Babies born to women who have diabetes are known to have a higher chance of experiencing hypoglycaemia (or low blood sugar). They are more likely to be admitted to a special care baby unit and there is a lower chance that they will be exclusively breastfed, perhaps as a consequence of these other factors. So midwives and others have long encouraged women with diabetes to express their breastmilk in late pregnancy and store it, so that it can be used for their newborn if required. But, until now, we’ve not had enough evidence on whether this practice is effective. We also don’t know whether it is safe, and this is an important question because the act of expressing breastmilk involves the release of hormones which may cause uterine contractions. Previous research has suggested that it may cause birth to happen slightly earlier, but the quality of the research was low and the findings are not reliable (East et al 2014).
But the latest issue of The Lancet includes a paper describing a study which looked at these questions, and the answers suggest that, in healthy women who are at least 36 weeks pregnant, this practice is safe (Forster et al 2017). The research was a multicentre, two-group, unblinded, randomised controlled trial carried out at six hospitals in Victoria, Australia and a summary of the research is below. The results showed that no harm came from expressing and, while there was no difference in the chances of a baby being admitted to special care, there was moderate evidence that a higher proportion of the babies born to the first-time mums who expressed breastmilk received exclusive breastmilk during the first 24 hours of life. Interestingly, that association wasn’t there for the women who had given birth before, but the researchers pointed out that the study was really too small to have found this difference if it did exist, so we should not read too much into that. I found it especially interesting that there was evidence of mild uterine activity (as measured by CTG monitor) in the women who expressed breastmilk, but no episodes of tachysystole or hyperstimulation.
Research like this is hard to carry out, for a number of reasons that have much more to do with practicality and human factors than to the skill of the researchers. It is important to note that around 15% of the women allocated to the expressing group either did not express at all or did this less than five times, and it was impossible to blind some elements of this research. But this is still a really useful and interesting study which will hopefully reassure those women who want to be assured of the safety of this practice before they try it in the hope of helping their newborn baby.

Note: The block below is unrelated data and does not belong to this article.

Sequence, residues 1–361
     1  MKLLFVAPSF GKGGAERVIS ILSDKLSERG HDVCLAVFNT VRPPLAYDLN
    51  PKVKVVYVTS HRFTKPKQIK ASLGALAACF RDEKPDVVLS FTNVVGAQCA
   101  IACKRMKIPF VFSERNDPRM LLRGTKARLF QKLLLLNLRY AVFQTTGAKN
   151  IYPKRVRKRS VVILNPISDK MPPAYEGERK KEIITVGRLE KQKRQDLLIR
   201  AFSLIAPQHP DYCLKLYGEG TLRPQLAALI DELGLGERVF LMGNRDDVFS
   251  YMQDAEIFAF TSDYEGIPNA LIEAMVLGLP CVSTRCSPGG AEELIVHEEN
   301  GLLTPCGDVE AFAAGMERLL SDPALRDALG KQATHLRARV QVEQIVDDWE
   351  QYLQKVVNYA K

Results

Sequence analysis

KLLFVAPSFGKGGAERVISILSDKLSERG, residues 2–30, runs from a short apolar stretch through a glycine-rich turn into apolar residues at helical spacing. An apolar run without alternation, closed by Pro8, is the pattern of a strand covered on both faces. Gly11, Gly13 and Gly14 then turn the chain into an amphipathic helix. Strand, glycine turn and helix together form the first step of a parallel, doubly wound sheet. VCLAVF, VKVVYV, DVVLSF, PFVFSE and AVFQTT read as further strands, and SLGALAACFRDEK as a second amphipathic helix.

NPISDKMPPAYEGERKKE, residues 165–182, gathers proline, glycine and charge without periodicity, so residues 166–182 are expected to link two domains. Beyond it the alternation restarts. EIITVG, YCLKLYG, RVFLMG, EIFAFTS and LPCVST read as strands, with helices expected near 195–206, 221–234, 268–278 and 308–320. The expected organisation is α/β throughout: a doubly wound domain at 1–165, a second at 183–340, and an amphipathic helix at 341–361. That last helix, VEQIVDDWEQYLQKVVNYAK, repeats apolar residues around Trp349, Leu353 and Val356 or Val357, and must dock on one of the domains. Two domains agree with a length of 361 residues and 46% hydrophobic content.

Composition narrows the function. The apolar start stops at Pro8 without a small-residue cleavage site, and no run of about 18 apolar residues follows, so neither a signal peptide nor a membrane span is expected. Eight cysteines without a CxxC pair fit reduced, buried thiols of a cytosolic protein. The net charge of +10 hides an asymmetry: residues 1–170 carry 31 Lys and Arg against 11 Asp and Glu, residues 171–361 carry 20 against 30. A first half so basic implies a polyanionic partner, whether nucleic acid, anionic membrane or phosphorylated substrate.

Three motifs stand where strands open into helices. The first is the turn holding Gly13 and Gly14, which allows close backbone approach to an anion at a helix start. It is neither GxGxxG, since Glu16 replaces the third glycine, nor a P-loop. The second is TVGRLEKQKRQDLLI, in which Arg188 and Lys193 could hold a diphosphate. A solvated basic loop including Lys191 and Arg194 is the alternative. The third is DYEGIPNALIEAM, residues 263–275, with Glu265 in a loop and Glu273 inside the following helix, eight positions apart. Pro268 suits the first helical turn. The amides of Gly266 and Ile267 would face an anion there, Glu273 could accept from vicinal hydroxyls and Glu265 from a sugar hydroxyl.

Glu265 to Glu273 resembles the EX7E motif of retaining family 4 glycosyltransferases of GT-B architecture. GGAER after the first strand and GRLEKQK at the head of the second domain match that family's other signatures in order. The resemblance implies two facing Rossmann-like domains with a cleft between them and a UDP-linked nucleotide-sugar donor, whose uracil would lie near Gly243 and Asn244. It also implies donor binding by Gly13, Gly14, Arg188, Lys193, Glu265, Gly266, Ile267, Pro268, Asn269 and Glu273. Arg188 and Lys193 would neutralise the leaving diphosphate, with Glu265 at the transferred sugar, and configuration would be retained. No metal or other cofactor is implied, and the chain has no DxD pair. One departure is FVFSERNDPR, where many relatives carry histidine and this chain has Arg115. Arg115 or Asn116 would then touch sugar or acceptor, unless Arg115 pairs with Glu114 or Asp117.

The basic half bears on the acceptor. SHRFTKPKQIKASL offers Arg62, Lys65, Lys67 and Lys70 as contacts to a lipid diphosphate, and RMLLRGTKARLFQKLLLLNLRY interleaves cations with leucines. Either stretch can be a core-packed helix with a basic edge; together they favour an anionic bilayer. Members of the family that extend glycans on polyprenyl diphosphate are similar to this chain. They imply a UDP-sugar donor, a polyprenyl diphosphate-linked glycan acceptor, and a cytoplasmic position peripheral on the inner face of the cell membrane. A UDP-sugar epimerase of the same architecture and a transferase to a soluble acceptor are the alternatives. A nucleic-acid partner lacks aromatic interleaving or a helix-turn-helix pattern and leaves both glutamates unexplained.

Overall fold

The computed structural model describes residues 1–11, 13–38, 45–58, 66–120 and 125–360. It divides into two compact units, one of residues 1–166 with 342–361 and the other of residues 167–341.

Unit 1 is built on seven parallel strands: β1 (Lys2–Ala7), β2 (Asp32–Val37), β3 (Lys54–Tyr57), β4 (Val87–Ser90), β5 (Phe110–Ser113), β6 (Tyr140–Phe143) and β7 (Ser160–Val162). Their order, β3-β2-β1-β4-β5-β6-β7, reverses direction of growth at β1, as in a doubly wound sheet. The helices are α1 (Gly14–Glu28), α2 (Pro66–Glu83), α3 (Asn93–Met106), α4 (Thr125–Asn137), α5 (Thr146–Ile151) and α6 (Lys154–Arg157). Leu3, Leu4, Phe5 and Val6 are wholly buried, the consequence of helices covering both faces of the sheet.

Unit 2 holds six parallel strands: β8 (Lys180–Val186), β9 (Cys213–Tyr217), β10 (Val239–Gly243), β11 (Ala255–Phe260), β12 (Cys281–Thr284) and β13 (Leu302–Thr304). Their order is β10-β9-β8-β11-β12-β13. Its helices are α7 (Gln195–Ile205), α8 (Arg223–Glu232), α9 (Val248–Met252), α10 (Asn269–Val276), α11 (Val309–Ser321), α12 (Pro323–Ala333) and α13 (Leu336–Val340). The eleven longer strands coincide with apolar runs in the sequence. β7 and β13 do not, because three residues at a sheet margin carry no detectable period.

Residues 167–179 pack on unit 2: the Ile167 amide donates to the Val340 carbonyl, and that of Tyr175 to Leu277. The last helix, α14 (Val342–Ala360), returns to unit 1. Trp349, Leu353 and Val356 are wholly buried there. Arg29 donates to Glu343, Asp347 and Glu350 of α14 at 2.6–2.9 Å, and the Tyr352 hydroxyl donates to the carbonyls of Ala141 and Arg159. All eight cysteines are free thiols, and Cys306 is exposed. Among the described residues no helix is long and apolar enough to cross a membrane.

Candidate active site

East CE, Dolan WJ, Forster DA (2014). Antenatal breast milk expression by women with diabetes for improving infant outcomes. Cochrane Database Syst Rev 2014;7:CD010408.
Forster DA, Moorhead AM, Jacobs SE et al (2017). Advising women with diabetes in pregnancy to express breastmilk in late pregnancy (Diabetes and Antenatal Milk Expressing [DAME]): a multicentre, unblinded, randomised controlled trial 389(10085): 2204–2213. https://doi.org/10.1016/S0140-6736(17)31373-9
Background: Infants of women with diabetes in pregnancy are at increased risk of hypoglycaemia, admission to a neonatal intensive care unit (NICU), and not being exclusively breastfed. Many clinicians encourage women with diabetes in pregnancy to express and store breastmilk in late pregnancy, yet no evidence exists for this practice. We aimed to determine the safety and efficacy of antenatal expressing in women with diabetes in pregnancy.
Methods: We did a multicentre, two-group, unblinded, randomised controlled trial in six hospitals in Victoria, Australia. We recruited women with pre-existing or gestational diabetes in a singleton pregnancy from 34 to 37 weeks’ gestation and randomly assigned them (1:1) to either expressing breastmilk twice per day from 36 weeks’ gestation (antenatal expressing) or standard care (usual midwifery and obstetric care, supplemented by support from a diabetes educator). Randomisation was done with a computerised random number generator in blocks of size two and four, and was stratified by site, parity, and diabetes type. Investigators were masked to block size but masking of caregivers was not possible. The primary outcome was the proportion of infants admitted to the NICU. We did the analyses by intention to treat; the data were obtained and analysed masked to group allocation. This trial is registered with the Australian New Zealand Clinical Trials Registry, number ACTRN12611000217909.
Findings: Between June 6, 2011, and Oct 29, 2015, we recruited and randomly assigned 635 women: 319 to antenatal expressing and 316 to standard care. Three were not included in the primary analysis (one withdrawal from the standard care group, and one post-randomisation exclusion and one withdrawal from the antenatal expressing group). The proportion of infants admitted to the NICU did not differ between groups (46 [15%] of 317 assigned to antenatal expressing vs 44 [14%] of 315 assigned to standard care; adjusted relative risk 1·06, 95% CI 0·66 to 1·46). In the antenatal expressing group, the most common serious adverse event for infants was admission to the NICU for respiratory support (for three [<1%] of 317. In the standard care group, the most common serious adverse event for infants was moderate to severe encephalopathy with or without seizures (for three [<1%] of 315).
Interpretation: There is no harm in advising women with diabetes in pregnancy at low risk of complications to express breastmilk from 36 weeks’ gestation.